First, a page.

UNITED STATES NAVY QUARTERMASTER USES RECORD BOOK AS DIARY TO DESCRIBE SPANISH-AMERICAN WAR SERVICE OF USS EAGLE, A VERY LARGE YACHT CONVERTED TO A TORPEDO BOAT DESTROYER FOR WAR SERVICE
This Spanish-American War Record Book/Diary includes the June 29, 1898 shelling of the Spanish battery at Rio Honda and the capture of the Spanish merchantman Santo Domingo.
The diary was kept by Quartermaster 1st Class John Alley, who inscribed the blank inside page opposite the front board cover—“This book contains the records of the Spanish American War, 1898 as seen from the U.S.S. Eagle by John Alley QM 1st Class.” The book in which the record written in pencil is large, measuring wide by high. The very first page provides names of of the ship’s crew members and a detailed description of the vessel.
“Crew of the U.S.S. Eagle, formerly the Almy belonging to the Galetin Estate, and purchased by the U.S. Government and converted to a Torpedo boat Destroyer in New York Navy Yard between the dates of April 1st and 17th 1898. The Dimensions are length 178 feet depth about 11 feet tonnage Register 213-99/100. Triple expansive Engine driving her under ordinary pressure about 13 knots an hour. Her armament consist(s) of 4 six pounders rapid fire guns and two Automatic Colts Rifles. Her crew consists of 4 officers and 59 men.”
Quartermaster Alley had no doubt much time to fill during the voyage and devoted himself to writing very detailed accounts of his ship’s service beginning on April 2, 1898 to several months into 1899, when the Eagle was on surveying duty, her principal use through the remainder of her naval service. This duty started in late August. She compiled new charts and corrected existing ones for the waters surrounding Cuba, Puerto Rico and Haiti, continuing this work into 1899.
The following will provide examples of the Eagle’s combat service and QM Alley’s ability to describe his ship’s participation in the fighting at various times.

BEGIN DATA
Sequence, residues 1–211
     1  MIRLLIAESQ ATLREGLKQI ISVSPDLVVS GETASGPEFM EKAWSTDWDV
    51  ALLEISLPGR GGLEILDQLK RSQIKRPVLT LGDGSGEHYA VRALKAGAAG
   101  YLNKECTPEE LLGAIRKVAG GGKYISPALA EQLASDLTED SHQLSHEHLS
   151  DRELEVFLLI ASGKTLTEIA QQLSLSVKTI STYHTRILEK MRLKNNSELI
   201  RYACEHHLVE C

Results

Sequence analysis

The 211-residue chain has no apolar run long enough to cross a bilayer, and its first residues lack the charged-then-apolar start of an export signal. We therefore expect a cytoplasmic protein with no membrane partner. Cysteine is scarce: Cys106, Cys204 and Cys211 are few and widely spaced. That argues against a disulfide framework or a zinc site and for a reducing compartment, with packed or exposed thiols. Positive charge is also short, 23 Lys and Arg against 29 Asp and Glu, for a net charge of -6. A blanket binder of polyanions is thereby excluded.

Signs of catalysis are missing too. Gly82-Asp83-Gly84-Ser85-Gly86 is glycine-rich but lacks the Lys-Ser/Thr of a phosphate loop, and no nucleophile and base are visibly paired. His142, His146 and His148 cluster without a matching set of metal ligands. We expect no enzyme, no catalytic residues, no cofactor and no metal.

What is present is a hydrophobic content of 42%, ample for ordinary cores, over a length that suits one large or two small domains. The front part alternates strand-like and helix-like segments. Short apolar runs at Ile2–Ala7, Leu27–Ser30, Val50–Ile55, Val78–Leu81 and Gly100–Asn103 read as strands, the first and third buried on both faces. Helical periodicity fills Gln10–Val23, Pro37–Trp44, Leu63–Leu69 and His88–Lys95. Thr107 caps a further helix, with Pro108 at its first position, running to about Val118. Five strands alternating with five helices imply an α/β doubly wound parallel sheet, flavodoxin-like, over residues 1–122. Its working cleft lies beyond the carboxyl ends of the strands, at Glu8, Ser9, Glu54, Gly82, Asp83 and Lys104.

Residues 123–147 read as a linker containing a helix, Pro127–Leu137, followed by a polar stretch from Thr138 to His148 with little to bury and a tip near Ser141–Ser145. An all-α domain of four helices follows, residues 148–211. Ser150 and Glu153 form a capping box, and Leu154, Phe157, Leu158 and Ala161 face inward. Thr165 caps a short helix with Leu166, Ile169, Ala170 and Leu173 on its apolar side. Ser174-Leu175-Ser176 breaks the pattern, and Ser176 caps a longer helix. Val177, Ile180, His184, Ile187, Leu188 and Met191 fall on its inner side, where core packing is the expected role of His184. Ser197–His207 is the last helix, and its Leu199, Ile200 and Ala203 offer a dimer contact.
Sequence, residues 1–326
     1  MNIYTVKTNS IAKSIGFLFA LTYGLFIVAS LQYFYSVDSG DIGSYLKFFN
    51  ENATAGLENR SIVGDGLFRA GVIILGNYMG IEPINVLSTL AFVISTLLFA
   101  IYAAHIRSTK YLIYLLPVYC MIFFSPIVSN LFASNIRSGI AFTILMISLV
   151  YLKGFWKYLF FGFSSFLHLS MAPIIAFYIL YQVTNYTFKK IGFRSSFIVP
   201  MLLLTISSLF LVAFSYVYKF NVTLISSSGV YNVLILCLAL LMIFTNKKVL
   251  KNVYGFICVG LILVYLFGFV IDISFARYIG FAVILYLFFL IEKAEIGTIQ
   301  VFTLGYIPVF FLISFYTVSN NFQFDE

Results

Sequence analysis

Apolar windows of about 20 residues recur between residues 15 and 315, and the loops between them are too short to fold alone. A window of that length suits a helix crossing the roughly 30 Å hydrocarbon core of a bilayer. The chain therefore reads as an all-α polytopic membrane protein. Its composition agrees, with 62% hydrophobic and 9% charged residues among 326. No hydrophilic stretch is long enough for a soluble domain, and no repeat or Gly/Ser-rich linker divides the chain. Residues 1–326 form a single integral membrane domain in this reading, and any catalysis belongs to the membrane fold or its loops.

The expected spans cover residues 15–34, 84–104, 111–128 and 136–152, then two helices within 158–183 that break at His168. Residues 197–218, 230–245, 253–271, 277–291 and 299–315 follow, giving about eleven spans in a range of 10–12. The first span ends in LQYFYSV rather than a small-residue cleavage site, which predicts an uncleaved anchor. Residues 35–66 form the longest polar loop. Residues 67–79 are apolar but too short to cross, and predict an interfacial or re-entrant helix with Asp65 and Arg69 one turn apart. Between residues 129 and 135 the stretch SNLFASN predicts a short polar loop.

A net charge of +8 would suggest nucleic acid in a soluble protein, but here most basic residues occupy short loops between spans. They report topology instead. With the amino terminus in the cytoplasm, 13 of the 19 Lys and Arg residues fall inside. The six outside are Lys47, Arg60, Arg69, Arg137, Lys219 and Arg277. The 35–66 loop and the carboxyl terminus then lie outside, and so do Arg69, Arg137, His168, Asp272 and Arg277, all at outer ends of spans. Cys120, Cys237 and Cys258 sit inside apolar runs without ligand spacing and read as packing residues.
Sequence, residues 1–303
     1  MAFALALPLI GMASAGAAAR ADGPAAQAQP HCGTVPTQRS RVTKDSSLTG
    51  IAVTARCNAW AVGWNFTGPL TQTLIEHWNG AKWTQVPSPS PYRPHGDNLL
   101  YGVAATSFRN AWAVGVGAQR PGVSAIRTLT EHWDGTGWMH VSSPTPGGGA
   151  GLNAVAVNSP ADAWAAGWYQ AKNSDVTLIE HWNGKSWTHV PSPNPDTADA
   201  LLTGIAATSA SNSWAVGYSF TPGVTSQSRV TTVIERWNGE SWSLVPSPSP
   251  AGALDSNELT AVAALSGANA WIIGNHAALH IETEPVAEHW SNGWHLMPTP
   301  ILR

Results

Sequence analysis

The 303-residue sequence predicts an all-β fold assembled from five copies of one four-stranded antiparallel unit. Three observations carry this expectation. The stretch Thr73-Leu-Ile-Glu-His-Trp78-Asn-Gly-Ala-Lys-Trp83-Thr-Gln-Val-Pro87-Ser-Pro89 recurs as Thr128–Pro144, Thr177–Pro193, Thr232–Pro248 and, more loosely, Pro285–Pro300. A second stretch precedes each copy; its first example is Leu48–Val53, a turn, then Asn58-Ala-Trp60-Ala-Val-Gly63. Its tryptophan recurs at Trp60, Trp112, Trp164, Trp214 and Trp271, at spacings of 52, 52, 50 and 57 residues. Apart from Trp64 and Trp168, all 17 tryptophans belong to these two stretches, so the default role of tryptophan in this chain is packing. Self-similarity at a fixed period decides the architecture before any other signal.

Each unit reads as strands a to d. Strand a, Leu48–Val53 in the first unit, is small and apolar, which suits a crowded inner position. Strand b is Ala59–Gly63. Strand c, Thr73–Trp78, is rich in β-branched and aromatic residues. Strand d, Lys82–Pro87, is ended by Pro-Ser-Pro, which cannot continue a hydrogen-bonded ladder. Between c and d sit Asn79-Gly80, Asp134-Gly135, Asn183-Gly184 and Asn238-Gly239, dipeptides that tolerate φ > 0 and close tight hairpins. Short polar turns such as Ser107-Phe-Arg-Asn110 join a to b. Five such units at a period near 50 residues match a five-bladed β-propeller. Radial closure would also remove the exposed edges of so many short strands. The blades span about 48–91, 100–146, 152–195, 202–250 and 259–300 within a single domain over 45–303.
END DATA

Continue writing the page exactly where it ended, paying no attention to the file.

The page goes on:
On August 22 and 24, following the June 10 major landing of U.S. troops at Guantanamo Bay in Cuba, additional American forces were landed near the harbor city of Santiago.
Here’s how Quartermaster Alley described the action—
“The Eagle and the Glocester was pegging away at a couple of such forts about 3 miles East of Morrow. We soon found out there was no guns on the forts but a squad of soldiers was intrenched in rifle pits on the beach and kept in hiding so well that we did not discover them when we ceased fire and went to dinner. Then some men was seen running about on the beach wich soon drew our attention…we had not fired a shot in their direction and they evidently thought we were awful poor marksmen but when we again opened up on them we sent the shells right in amongst a lot of them who were sitting in a group. Them that could get up and ran helter skelter for a cave near by—and made them very scared for the rest of the afternoon. We then directed our fire on a blockhouse which soon was demolished…”
Here’s how he described the June 29, 1898 action—
“Early in the morning started in towards shore to land the 8 Cubans—ran along shore for two hours blowing our whistle to draw the attention of the Cubans on shore when at 800 am a Division of Cavalry was seen about 1000 yards from us. We were in doubt for some time what to take them for when suddenly we heard some shots and saw bullets strike the water 50 yards from us. We immediately opened fire on them and…made them scamper up the hill.”
July 5th—“At daybreak sighted land and a schooner close to shore with sails set. We gave chase—wind was light. The schooner realizing the dance up dropped anchor close to a small fishing village and deserted her. We lowered a boat sent away an armed crew and took possession of her. Some people on shore opened fire on her and several bullets went through her sails but none was hurt. She was brought out alongside and proved to be a small trading schooner about 50 tons. She had no cargo, only a few chickens, pigs and some coconut oil and letters for the Captain of Port at Batamarmo(?).”
The writer also records how other vessels are participating in battle action, describing in detail what he sees and identifying the ships by name.
The record is a fascinating historic account of American naval participation in actions during the Spanish-American War. The book in which the diary was kept is in good condition with one section of pages separated from the binding. However, all pages are present. $875